A controversial, award-winning story about the passionate but untenable affair between an Israeli woman and a Palestinian man, from one of Israel’s most acclaimed novelists
When Liat meets Hilmi on a blustery autumn afternoon in Greenwich Village, she finds herself unwillingly drawn to him. Charismatic and handsome, Hilmi is a talented young artist from Palestine. Liat, an aspiring translation student, plans to return to Israel the following summer. Despite knowing that their love can be only temporary, that it can exist only away from their conflicted homeland, Liat lets herself be enraptured by Hilmi: by his lively imagination, by his beautiful hands and wise eyes, by his sweetness and devotion.
Together they explore the city, sharing laughs and fantasies and pangs of homesickness. But the unfettered joy they awaken in each other cannot overcome the guilt Liat feels for hiding him from her family in Israel and her Jewish friends in New York. As her departure date looms and her love for Hilmi deepens, Liat must decide whether she is willing to risk alienating her family, her community, and her sense of self for the love of one man.
Banned from classrooms by Israel’s Ministry of Education, Dorit Rabinyan’s remarkable novel contains multitudes. A bold portrayal of the strains—and delights—of a forbidden relationship, All the Rivers (published in Israel as Borderlife) is a love story and a war story, a New York story and a Middle East story, an unflinching foray into the forces that bind us and divide us. “The land is the same land,” Hilmi reminds Liat. “In the end all the rivers flow into the same sea.”
Praise for All the Rivers
“Rabinyan’s book is a sort of Romeo and Juliet, a forbidden love affair between a Jewish girl from Tel Aviv and a Palestinian boy from Hebron. . . . [A] beautiful novel.”—The Guardian
“A fine, subtle, and disturbing study of the ways in which public events encroach upon the private lives of those who attempt to live and love in peace with each other, and, impossibly, with a riven and irreconcilable world.”—John Banville, Man Booker Prize–winning author of The Sea
“I’m with Dorit Rabinyan. Love, not hate, will save us. Hatred sows hatred, but love can break down barriers.”—Svetlana Alexievich, winner of the Nobel Prize for Literature
“Astonishing . . . [a] precise and elegant love story, drawn with the finest of lines.”—Amos Oz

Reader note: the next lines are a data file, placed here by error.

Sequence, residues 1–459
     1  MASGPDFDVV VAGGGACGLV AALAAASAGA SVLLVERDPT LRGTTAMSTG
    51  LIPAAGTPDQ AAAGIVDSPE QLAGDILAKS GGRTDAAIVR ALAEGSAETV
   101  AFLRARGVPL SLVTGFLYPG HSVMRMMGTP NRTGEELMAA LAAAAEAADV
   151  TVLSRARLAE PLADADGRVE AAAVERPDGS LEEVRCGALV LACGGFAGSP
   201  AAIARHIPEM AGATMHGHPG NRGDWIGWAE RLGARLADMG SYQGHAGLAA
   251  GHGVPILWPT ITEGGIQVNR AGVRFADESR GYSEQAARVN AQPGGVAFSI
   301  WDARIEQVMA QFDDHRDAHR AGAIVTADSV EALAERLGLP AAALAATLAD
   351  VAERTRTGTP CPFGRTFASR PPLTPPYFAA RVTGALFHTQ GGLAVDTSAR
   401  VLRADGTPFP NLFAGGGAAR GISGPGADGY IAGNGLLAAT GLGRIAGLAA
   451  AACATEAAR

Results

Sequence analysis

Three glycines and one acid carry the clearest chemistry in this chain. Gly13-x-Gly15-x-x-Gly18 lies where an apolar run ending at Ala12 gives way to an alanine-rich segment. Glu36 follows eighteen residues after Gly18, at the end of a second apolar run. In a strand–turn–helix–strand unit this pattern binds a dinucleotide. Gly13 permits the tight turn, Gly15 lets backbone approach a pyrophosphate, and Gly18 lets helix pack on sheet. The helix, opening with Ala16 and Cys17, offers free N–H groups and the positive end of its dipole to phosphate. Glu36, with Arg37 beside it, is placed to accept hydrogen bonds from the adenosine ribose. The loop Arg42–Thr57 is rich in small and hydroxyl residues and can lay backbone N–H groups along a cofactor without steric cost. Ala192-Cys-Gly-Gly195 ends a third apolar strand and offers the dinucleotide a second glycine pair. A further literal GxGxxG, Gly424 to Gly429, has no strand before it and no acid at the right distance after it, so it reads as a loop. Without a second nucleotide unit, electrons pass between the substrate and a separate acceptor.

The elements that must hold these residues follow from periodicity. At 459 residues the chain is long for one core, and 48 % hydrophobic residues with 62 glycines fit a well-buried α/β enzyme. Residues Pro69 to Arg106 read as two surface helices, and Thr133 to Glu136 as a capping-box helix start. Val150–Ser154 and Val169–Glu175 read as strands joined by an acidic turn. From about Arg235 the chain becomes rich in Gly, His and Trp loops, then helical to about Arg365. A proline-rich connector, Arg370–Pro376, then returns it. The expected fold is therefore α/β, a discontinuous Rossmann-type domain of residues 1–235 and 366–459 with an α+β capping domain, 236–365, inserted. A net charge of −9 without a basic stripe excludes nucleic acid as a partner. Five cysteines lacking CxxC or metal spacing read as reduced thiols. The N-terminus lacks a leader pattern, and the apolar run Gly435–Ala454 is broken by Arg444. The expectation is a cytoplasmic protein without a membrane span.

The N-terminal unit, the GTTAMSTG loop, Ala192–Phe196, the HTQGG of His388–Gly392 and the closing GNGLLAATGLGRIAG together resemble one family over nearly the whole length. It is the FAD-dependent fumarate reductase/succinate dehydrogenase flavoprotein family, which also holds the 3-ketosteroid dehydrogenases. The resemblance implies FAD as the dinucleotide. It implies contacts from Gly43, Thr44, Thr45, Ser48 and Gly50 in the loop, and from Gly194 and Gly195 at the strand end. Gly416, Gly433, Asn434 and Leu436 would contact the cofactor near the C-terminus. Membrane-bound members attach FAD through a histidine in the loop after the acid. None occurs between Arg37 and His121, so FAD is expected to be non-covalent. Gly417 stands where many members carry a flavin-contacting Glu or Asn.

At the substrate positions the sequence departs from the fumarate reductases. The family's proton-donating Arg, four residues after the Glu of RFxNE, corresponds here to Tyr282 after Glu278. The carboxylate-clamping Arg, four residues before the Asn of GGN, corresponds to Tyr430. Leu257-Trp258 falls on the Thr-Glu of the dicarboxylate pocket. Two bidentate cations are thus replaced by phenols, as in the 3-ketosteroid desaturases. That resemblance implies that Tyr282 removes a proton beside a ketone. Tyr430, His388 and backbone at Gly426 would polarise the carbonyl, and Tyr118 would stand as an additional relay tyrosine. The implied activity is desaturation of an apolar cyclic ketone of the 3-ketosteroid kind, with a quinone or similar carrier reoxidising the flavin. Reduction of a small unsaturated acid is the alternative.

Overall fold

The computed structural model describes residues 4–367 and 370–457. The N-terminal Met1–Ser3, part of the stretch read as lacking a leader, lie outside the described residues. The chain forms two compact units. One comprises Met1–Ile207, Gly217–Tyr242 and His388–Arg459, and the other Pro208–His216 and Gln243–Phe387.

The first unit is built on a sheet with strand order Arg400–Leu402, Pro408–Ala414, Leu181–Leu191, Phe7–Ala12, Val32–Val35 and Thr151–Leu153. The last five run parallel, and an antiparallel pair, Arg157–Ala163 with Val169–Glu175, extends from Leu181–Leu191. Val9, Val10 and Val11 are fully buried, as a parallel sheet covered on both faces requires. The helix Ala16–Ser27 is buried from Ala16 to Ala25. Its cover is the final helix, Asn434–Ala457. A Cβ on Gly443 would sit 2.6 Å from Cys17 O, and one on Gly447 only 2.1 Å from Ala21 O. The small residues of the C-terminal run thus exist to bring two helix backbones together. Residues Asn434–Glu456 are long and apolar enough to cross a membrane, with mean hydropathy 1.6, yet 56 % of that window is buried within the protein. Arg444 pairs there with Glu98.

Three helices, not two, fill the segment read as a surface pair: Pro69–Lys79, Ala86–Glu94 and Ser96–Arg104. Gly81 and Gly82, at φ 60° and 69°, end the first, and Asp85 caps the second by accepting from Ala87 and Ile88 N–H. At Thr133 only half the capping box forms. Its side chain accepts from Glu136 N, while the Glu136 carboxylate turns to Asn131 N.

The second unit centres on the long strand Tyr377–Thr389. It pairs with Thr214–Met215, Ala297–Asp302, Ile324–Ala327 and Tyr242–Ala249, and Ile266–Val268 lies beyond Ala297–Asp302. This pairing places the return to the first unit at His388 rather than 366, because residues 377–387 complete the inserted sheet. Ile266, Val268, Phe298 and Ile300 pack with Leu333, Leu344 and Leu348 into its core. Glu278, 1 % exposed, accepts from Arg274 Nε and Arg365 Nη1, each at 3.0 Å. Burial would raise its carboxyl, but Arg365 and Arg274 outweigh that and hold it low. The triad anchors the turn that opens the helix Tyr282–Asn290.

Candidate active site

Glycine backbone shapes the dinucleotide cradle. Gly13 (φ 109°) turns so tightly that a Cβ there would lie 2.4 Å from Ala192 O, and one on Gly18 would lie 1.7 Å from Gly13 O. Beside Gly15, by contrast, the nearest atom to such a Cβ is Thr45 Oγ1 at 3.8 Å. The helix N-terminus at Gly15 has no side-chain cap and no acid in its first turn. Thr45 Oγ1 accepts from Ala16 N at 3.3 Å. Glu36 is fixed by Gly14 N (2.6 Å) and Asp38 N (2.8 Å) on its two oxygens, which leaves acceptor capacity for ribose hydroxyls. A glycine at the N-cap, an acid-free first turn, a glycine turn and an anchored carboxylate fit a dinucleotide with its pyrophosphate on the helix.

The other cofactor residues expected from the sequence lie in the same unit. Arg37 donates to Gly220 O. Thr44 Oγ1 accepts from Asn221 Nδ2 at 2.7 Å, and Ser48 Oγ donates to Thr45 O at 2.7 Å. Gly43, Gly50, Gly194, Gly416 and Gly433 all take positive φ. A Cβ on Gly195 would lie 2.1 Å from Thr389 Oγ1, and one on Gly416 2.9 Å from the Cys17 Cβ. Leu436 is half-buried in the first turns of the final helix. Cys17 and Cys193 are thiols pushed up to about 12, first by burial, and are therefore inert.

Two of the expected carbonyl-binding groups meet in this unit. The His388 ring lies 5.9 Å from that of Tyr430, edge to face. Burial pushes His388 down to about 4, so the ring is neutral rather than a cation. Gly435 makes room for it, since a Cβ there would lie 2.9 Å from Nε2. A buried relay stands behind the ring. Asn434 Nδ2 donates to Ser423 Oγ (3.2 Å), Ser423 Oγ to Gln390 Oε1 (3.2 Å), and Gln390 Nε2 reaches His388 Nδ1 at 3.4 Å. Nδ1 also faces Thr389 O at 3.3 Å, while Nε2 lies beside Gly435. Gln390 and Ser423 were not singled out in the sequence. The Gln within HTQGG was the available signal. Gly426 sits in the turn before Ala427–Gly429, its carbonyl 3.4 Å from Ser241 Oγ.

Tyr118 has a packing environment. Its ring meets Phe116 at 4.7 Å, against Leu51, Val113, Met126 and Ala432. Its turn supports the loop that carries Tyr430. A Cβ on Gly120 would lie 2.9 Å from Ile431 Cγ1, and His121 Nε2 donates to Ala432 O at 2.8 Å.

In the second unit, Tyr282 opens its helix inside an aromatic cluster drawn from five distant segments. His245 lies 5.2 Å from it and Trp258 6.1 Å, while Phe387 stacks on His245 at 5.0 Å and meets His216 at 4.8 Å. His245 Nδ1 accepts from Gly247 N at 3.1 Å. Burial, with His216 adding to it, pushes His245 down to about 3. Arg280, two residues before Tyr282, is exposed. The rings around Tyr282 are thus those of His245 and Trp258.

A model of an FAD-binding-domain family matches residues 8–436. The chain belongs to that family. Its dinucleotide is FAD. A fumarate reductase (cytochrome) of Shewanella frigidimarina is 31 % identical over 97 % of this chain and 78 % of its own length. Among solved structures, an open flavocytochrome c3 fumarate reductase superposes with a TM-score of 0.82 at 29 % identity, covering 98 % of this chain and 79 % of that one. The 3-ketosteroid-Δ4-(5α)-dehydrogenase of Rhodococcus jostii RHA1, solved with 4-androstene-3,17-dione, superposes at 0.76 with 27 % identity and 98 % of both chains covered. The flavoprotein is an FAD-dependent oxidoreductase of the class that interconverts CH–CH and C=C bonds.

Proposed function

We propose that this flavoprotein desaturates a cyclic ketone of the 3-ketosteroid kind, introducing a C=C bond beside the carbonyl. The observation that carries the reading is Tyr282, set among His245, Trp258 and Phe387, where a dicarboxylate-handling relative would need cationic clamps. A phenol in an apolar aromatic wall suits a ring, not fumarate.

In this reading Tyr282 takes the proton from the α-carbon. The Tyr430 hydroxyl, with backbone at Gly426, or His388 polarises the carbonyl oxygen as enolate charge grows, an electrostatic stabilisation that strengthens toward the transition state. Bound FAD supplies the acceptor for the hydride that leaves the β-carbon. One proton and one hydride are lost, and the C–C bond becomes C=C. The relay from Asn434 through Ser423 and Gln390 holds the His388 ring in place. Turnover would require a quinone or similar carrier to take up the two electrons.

“Rabinyan’s writing reflects the honesty and modesty of a true artisan.”—Haaretz
“Because the novel strikes the right balance between the personal and the political, and because of her ability to tell a suspenseful and satisfying story, we decided to award Dorit Rabinyan’s [All the Rivers] the 2015 Bernstein Prize.”—From the 2015 Bernstein Prize judges’ decision
“[All the Rivers] ought to be read like J. M. Coetzee or Toni Morrison—from a distance in order to get close.”—Walla!
“Beautiful and sensitive . . . a human tale of rapprochement and separation . . . a noteworthy human and literary achievement.”—Makor Rishon
“A captivating (and heartbreaking) gem, written in a spectacular style, with a rich, flowing, colorful and addictive language.”—Motke
“A great novel of love and peace.”—La Stampa
“A novel that truly speaks to the heart.”—Corriere della Sera
Bernstein Prize winner Rabinyan's modern take on forbidden love between young dreamers on opposite sides of a bitter cultural conflict enthralls and delights. Liat, an Israeli Fulbright scholar studying in New York City, has a chance meeting one afternoon with the affable Hilmi, a Palestinian painter on an artist's visa that explodes into an intense love affair. A relationship unthinkable at home flourishes in post 9/11 New York. Liat is poetic and emotive, her intense infatuation for Hilmi sustaining Rabinyan's florid prose the feel of Hilmi's dark curls against her face, her strong reactions to his intense, beautiful paintings making the electricity between the two lovers palpable. Although their relationship is full of passion, Liat believes their romantic fling cannot last and will end when she returns to Israel. But instead their intimacy grows into love, complicating the once-tenuous affair. It is a realistic relationship that sparks with vitality and vitriol, jumping through blissful rendezvous, heated arguments, and shameful secrets that build upon each other. While their political, cultural, and religious differences should be of little importance in multicultural New York City, there remains an obscure, impenetrable wall between them. Rabinyan beautifully loops the story from season to season, depicting Liat and Hilmi's lives and love vividly and memorably.